Parallels and Convergences: Mormon Thought and Engineering Vision (6-7 March)

The Claremont School of Religion, The LDS Council on Mormon Studies and the Mormon Scholars Foundation are pleased to present:


Parallels and Convergences: Mormon Thought and Engineering Vision


A conference featuring keynote speaker Terryl Givens and a panel of LDS engineers


The conference seeks to expand the discussion of Latter-day Saint perspectives on the attributes of God and the potential of man by examining the possible resonance between Mormon and engineering thought. In Mormon thought, God is the architect of the Creation and the engineer of our bodies and spirits. Man, on the other hand, is believed to be capable of growing to become like God. The conference's governing question is: Where does engineering fit in the convergence of these two realms?


A panel of LDS engineers will discuss topics that include materialism, free will, models of spirit matter, quantified morality, spiritual underpinnings for a space program, the New God Argument, God as a perfect engineer, technical interpretation of Mormon physiology, transhumanism, Gaia and the paradisiacal Earth, and technical advancement leading into the millennium.


Keynote Lecture:
Friday, 6 March 2009 at 8pm


Conference:
Saturday, 7 March 2009 10am-5pm


10:00 Welcome - Richard Bushman


10:10 - 11:50


"God, The Perfect Engineer"
Allen W. Leigh, Electrical / Software Engineer & Adjunct Instructor, retired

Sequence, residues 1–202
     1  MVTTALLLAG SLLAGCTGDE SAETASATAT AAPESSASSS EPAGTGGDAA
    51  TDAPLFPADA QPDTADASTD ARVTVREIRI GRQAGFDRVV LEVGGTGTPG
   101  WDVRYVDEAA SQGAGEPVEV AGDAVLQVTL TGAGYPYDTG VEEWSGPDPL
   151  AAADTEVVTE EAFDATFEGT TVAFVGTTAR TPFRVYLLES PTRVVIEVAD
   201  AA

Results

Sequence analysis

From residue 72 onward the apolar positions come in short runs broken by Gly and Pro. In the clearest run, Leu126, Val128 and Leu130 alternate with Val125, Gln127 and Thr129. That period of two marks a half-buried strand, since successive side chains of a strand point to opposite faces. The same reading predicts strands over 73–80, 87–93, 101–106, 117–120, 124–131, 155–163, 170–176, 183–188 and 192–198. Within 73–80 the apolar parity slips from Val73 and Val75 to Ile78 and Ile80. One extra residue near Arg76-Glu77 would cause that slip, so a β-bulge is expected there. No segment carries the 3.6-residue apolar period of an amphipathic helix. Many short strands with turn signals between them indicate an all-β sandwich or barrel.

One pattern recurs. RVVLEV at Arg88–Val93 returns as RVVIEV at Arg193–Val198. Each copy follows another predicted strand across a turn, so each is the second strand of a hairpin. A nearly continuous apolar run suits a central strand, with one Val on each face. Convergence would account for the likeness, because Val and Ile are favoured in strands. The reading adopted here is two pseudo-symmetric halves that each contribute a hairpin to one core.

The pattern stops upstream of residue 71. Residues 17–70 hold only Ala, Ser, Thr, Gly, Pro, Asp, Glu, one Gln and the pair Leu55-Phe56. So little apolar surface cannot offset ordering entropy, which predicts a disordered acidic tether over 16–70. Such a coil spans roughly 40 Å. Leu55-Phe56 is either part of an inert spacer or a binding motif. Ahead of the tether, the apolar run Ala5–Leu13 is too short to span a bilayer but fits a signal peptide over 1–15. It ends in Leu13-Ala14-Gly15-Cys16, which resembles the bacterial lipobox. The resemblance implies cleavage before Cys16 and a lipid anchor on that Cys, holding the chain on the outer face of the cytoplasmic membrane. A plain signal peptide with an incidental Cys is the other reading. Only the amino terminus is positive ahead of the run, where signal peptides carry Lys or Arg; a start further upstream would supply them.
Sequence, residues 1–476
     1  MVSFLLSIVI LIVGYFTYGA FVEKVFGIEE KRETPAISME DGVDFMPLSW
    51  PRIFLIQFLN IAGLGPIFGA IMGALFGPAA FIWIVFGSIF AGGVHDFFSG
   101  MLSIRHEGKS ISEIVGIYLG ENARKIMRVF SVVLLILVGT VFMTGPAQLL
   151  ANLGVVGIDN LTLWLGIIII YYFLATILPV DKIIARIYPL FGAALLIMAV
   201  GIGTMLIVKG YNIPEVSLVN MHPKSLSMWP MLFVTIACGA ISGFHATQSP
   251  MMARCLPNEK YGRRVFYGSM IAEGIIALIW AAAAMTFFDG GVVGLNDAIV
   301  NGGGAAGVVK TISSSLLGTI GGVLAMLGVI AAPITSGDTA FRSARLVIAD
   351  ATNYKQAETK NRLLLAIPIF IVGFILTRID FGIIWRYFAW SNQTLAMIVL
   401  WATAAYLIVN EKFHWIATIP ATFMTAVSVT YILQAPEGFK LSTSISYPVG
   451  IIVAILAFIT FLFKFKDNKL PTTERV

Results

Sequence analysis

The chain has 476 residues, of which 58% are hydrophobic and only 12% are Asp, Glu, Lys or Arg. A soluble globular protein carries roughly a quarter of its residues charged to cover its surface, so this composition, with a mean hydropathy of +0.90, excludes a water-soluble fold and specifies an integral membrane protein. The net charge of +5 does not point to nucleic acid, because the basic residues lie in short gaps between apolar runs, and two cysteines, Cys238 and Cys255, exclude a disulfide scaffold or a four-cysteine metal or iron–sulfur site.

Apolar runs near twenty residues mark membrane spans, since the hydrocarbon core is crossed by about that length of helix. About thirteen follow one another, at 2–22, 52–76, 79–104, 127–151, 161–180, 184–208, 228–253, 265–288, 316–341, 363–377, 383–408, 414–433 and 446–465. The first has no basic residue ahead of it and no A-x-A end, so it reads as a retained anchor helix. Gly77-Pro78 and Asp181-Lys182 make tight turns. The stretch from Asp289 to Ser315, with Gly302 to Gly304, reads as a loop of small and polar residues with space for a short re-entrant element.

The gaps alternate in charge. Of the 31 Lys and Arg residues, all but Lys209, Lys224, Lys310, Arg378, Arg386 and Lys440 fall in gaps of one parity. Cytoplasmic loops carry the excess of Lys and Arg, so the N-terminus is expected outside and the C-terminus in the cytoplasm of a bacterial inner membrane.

"Models of Spirit Matter"
Adam N. Davis, Assistant Professor of Physics, Wayne State College


"A Technical Interpretation of Mormon Physics and Physiology"
Lincoln Cannon (with Scott Howe), President, Mormon Transhumanist Association


"Materialism, Free Will, and Mormonism"
Adam N. Davis, Assistant Professor of Physics, Wayne State College


11:50 - 1:00 Lunch


1:00 - 2:50


"Theological Implications of The New God Argument"
Joseph West (with Lincoln Cannon), Founding Member, Director and Secretary, Mormon Transhumanist Association


"Quantified Morality"
A. Scott Howe, PhD, Senior Systems Engineer, NASA Jet Propulsion Laboratory


"Transfiguration: Parallels and Complements Between Mormonism and Transhumanism"
Carl Youngblood, Chief Software Architect, Surgeworks, Inc.


"Gaia, Mormonism, and Paradisiacal Earth"
Roger D. Hansen, PhD, Technology Specialist, U.S. Bureau of Reclamation


2:50 - 3:10 Break


3:10 - 4:00


"Spiritual Underpinnings for a Space Program"
William R. Pickett (with Scott Howe), Senior Hardware Engineer, Antenna Range Master, NASA Jet Propulsion Laboratory


"Welcome to the 21st Century: The Uncharted Future Ahead"
David H. Bailey, Chief Technologist, Lawrence Berkeley Laboratory


4:00 - 5:00 Panel Discussion


Lecture and Conference Location:
Albrecht Auditorium in Stauffer Hall, Claremont Graduate University, 925 North Dartmouth Avenue, Claremont


The conference is free and open to the public.


The official site for the conference is available here: http://mormonism-engineering.org

Call for Papers from American Academy of Religion Transhumanism and Religion Consultation

2009 Call for Papers (open to non-American Academy of Religion members) - Deadline March 2, 2009


Transhumanism and Religion Consultation--American Academy of Religion--November 7-10, 2009 annual meeting in Montreal